We like to have a relationship with our authors. There needs to be a synergy. If an author does not take the time to read the information on a publisher's web site, it shows in the emails and is a turn off.

SQF: What question do you wish I?d asked that I didn?t? And how would you answer it?

DH: I can only pick one, right? Well, gee. How about: What's the surest way not to get a contract with ATTMP? The answer: When we offer you one, you tell us you'd like to wait a couple of weeks to see what other offers you get.

Thank you, Deb. We all appreciate you taking time from your busy schedule to participate in this project.

NEXT POST: 8/9--Six Questions for Anne Petty, Editor in Chief, Kitsune Books

Posted by Jim Harrington at 2:00 AM 

20 Jan, 2009 in News, Publishing, Writing by Trevas

E-Publishing Tips ? Submitting Your Manuscript the Right Way

With the last feature I wrote on e-Publishing a couple of questions came up a number of times. These questions came up both in the comments of the last article, and in my inbox. As always we?re here to help, and today we are answering your questions. The questions were:

Do you know of an e-Publisher that will publish poetry anthologies?

What should I do to get my manuscript ready to submit?

David Barber referred me to All Things that Matter Press as one e-Publisher that puts out great poetry eBooks (they do a lot more than that, but we?ll get to that). Phil, the CEO from All Things that Matter, was kind enough to answer my questions so that I could share his insight and answer the other question for you.

My original intention when I interviewed Phil was to use the information he provided me to create an article on the topic. In this case though, his answers are very well written, and I don?t think I could possibly say it any better than he did himself. With that said here are the results of my query with All Things that Matter Press.

The email Interview with Phil from All Things that Matter Press:

What is All Things That Matters Press, and what types of work do you publish?

ALL THINGS THAT MATTER PRESS is a new, small press. Our goal is to help authors, new and established, get their books published and into the marketplace. There are no fees or costs to the author. We look primarily for authors with a ?message? who have something they would like to say to the reading public. We are pretty much open on genre, and we have published poetry, science fiction, young adult, non-fiction, and even a romance. We do not want to see ?formula? type books or those that are just for mindless mass appeal. If the author has something really important to say about the world we all inhabit, we will take a look. We do not do children?s books, books with a strong religious bias (Christian lit), chick lit, or any books that promote violence, hatred or pornography. We really like spiritual self-growth/transformation titles and those stories (including poetry) that reach out to the soul and touch the heart.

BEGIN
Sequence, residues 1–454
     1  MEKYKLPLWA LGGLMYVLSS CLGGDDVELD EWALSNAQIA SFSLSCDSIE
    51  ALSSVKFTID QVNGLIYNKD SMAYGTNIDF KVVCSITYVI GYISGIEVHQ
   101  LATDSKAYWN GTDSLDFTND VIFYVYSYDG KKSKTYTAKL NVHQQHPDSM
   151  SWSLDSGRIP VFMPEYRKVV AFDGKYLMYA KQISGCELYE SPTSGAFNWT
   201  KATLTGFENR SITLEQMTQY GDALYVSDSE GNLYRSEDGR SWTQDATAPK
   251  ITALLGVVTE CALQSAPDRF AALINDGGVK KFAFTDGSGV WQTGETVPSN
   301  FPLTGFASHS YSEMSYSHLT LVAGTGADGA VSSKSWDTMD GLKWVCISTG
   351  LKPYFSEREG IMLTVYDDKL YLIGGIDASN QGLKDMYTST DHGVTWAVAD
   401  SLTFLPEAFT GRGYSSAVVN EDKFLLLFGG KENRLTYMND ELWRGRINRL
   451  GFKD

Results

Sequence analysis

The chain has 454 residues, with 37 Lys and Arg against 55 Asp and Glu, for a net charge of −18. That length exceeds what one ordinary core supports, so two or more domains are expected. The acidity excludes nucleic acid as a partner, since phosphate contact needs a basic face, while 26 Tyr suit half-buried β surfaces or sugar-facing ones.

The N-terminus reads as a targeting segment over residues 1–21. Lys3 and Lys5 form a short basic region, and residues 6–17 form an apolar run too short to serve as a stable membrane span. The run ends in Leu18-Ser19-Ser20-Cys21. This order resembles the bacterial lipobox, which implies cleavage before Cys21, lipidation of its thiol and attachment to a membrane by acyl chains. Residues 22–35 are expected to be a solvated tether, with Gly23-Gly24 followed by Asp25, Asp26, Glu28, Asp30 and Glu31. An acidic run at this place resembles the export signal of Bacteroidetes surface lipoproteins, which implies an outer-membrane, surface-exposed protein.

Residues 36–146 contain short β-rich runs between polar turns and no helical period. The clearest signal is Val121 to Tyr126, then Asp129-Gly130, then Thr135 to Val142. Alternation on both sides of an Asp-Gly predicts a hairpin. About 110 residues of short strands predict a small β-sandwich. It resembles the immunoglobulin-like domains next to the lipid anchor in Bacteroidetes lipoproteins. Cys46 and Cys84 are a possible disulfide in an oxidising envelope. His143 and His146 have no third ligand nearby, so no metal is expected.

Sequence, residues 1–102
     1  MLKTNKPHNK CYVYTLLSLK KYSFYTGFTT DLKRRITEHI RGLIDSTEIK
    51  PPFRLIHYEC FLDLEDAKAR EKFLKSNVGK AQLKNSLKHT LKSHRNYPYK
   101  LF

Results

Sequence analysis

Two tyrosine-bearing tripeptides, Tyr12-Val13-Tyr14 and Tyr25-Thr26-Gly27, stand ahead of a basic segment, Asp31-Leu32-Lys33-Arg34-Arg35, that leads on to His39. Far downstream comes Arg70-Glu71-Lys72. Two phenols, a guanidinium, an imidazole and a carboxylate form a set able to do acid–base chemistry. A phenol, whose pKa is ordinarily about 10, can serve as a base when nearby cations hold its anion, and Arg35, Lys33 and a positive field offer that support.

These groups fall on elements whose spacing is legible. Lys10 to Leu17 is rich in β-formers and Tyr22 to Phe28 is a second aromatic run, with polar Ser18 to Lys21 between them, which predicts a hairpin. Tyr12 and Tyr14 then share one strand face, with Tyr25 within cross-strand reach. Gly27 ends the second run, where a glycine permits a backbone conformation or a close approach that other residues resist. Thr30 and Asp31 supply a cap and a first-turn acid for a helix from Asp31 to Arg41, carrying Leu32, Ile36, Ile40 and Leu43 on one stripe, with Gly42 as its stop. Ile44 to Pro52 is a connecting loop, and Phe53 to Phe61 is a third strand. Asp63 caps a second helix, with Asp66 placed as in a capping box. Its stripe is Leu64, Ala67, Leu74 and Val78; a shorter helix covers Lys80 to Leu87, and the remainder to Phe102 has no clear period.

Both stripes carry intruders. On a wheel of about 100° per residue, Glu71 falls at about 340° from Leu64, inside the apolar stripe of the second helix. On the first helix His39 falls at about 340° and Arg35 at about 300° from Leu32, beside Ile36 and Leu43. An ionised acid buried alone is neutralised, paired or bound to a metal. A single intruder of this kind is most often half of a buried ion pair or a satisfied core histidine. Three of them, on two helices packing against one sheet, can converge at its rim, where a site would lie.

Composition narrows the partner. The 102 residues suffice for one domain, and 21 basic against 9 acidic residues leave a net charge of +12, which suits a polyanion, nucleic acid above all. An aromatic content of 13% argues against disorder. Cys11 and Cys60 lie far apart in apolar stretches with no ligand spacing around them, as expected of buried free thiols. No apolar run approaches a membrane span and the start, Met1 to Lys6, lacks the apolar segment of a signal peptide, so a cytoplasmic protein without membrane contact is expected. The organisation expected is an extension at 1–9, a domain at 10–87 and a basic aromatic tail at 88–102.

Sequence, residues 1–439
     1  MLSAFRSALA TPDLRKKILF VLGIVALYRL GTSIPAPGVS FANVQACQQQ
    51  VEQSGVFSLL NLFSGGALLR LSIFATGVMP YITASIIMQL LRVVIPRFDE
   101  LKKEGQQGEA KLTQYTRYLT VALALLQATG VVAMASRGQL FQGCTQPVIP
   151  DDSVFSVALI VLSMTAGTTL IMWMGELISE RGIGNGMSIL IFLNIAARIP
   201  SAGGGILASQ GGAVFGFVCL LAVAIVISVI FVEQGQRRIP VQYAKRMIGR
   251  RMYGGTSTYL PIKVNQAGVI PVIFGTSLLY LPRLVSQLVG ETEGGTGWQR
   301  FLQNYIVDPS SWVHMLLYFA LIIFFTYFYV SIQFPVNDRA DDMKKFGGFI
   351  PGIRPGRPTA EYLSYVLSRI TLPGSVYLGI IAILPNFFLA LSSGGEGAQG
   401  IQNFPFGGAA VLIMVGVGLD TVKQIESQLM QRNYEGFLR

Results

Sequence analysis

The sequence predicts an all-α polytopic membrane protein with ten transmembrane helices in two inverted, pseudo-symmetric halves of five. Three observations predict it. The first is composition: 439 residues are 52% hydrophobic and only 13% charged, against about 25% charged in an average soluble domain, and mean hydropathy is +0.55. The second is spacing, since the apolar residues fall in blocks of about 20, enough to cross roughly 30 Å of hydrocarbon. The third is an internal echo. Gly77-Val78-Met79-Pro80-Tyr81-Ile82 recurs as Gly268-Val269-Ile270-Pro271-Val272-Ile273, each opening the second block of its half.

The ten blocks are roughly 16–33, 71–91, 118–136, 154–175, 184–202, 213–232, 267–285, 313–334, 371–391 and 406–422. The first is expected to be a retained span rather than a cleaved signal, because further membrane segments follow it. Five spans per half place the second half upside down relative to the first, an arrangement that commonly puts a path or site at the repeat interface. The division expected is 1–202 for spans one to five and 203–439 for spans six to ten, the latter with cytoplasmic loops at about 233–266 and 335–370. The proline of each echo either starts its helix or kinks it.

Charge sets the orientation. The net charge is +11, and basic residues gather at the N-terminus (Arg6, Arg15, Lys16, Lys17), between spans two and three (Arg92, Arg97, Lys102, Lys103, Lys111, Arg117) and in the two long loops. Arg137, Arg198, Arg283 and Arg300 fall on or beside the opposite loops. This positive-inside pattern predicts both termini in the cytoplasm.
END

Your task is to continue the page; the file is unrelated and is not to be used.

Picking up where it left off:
What do you look for the most when a new author submits a manuscript to you for publishing?

What impresses us the most is if the author seems really excited about their book. Even if the manuscript is submitted elsewhere, they have taken the time to gear their letter to us. It is not that we want the author to tell us how great their book may be, but rather they present a tone that says ?I have something really important to say to the world and I have done my best to put it into words.? It is also crucial that the author follows the submission guidelines and appears to have read our web site. A turn off is when someone asks questions that are ?clearly? posted on our web page. We also have received emails that start out saying something like, ?Before I send my manuscript you need to answer these questions.? Well, while we do not at all mind answering questions, an attitude that our press may not be worthy of their submission is not the best way to start. So if an author sends a submission that shows excitement and clearly demonstrates they are attuned to who we are as a publisher, the door opens a bit wider.

What are your suggestions to those new authors when preparing their manuscript for submission?

You would be amazed at how many authors have not even done a simple spelling and grammar check. I saw a post on a web site where they were all upset that we wanted the manuscript to be edited prior to submission. Go to any publisher?s site and count the times you see the word ?edit.? Go to any book marketing site or read any article on how to submit a manuscript; lack of ?editing? is top on the list of major mistakes that an author makes. We even get queries with typos. If an author does not take the time to do editing of their own work then any publisher will question that author?s commitment to their project. Does this mean that the ms must be perfect? No. We edit all books that we publish for both mechanics and content (consistency, time lines, etc.). No editing is perfect as there are many way to say the same thing, and even grammar is not really an exact science. We always send a ?redlined? edit to the author for review and approval. Finally, it is important that a submission be sent in the format required by the publisher. Each publisher is different so if the author has not made the effort to follow simple submission formats they are not starting off on the right foot.

What do you look for in a query letter?